Thus you can throw yourself flat on the ground, stretched out upon Mother Earth, with the certain conviction that you are one with her and she with you. You are as firmly established, as invulnerable as she, indeed a thousand times firmer and more invulnerable. As surely as she will engulf you tomorrow, so surely will she bring you forth anew to new striving and suffering. And not merely 'some day': now, today, every day she is bringing you forth, not once but thousands upon thousands of times, just as every day she engulfs you a thousand times over. For eternally and always there is only now, one and the same now; the present is the only thing that has no end.
If, then, after understanding, at least in theory, that the ego-trick is a hoax and that, beneath everything, “I” and “universe” are one, you ask, “So what? What is the next step, the practical application?”—I will answer that the absolutely vital thing is to consolidate your understanding, to become capable of enjoyment, of living in the present, and of the discipline which this involves. Without this you have nothing to give—to the cause of peace or of racial integration, to starving Hindus and Chinese, or even to your closest friends. Without this, all social concern will be muddlesome meddling, and all work for the future will be planned disaster.
Even Saint Thomas Aquinas let it out that part of the blessedness of the saints in Heaven was that they could look over the battlements and enjoy the “proper justice” of the sinners squirming in Hell. All winners need losers; all saints need sinners; all sages need fools—that is, so long as the major kick in life is to “amount to something” or to “be someone” as a particular and separate godlet.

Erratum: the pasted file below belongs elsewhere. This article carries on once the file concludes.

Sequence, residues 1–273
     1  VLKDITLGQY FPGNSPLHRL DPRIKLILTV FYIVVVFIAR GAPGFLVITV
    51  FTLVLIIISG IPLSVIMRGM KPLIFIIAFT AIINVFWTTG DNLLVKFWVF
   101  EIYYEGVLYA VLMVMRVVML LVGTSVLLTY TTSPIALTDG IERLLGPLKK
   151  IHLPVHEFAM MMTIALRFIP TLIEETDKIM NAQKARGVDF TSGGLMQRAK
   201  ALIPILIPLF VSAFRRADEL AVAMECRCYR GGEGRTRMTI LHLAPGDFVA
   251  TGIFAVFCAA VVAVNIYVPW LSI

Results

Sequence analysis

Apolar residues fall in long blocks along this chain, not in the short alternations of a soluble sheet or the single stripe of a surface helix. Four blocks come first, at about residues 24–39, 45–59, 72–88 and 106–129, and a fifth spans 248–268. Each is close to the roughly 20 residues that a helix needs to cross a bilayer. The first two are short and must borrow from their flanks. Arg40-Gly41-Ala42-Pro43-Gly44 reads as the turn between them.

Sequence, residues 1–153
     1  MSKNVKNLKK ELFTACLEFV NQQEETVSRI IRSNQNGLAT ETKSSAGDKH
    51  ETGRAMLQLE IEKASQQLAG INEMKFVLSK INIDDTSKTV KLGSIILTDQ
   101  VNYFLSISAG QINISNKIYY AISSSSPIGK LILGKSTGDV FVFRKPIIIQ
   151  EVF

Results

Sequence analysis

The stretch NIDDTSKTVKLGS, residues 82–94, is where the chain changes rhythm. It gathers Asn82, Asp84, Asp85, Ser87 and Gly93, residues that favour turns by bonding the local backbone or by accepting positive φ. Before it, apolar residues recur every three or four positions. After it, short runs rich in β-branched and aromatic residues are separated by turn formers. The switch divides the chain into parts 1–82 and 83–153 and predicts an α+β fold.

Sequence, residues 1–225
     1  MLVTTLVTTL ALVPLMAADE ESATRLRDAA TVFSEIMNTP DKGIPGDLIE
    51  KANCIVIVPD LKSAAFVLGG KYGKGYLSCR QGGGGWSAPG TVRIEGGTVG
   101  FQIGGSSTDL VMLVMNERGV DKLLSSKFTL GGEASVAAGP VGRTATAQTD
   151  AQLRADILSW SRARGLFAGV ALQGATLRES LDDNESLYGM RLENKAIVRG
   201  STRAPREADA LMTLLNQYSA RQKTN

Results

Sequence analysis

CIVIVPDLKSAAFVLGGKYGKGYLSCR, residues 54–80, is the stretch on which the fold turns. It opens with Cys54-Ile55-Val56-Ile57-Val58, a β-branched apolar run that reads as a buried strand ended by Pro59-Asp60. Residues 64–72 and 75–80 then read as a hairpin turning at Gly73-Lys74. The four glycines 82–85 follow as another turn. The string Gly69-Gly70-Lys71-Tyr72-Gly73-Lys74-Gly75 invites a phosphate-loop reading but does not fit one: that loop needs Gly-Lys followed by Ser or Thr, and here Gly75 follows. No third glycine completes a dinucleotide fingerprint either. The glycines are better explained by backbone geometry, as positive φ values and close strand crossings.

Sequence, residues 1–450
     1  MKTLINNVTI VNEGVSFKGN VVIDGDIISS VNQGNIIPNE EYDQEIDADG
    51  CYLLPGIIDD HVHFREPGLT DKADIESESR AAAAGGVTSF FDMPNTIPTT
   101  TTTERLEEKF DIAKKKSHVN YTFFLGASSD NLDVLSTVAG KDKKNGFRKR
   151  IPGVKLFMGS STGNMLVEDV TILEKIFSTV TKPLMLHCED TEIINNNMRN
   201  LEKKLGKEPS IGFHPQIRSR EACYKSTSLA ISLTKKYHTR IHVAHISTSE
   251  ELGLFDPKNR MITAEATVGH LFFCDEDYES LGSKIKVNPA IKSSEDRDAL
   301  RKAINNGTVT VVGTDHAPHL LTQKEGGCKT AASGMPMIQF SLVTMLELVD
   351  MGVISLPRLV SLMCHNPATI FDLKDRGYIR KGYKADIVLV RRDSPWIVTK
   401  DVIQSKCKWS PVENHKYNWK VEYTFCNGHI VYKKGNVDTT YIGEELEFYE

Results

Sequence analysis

The sense of “I,” which should have been identified with the whole universe of your experience, was instead cut off and isolated as a detached observer of that universe.
Getting rid of one's ego is the last resort of invincible egoism! It simply confirms and strengthens the reality of the feeling. But when this feeling of separateness is approached and accepted like any other sensation, it evaporates like the mirage that it is.
The world outside your skin is just as much you as the world inside: they move together inseparably, and at first you feel a little out of control because the world outside is so much vaster than the world inside. Yet you soon discover that you are able to go ahead with ordinary activities—to work and make decisions as ever, though somehow this is less of a drag. Your body is no longer a corpse which the ego has to animate and lug around. There is a feeling of the ground holding you up, and of hills lifting you when you climb them. Air breathes itself in and out of your lungs, and instead of looking and listening, light and sound come to you on their own. Eyes see and ears hear as wind blows and water flows. All space becomes your mind.
You do not ask what is the value, or what is the use, of this feeling. Of what use is the universe? What is the practical application of a million galaxies?
A society surviving to no purpose is one that makes no provision for puposeless behavior—that is, for actions not directly aimed at survival, which fulfill themselves in being done in the present and do not necessarily imply some future reward.
You have seen that the universe is at root a magical illusion and a fabulous game, and that there is no separate “you” to get something out of it, as if life were a bank to be robbed.
For “you” is the universe looking at itself from billions of points of view, points that come and go so that the vision is forever new.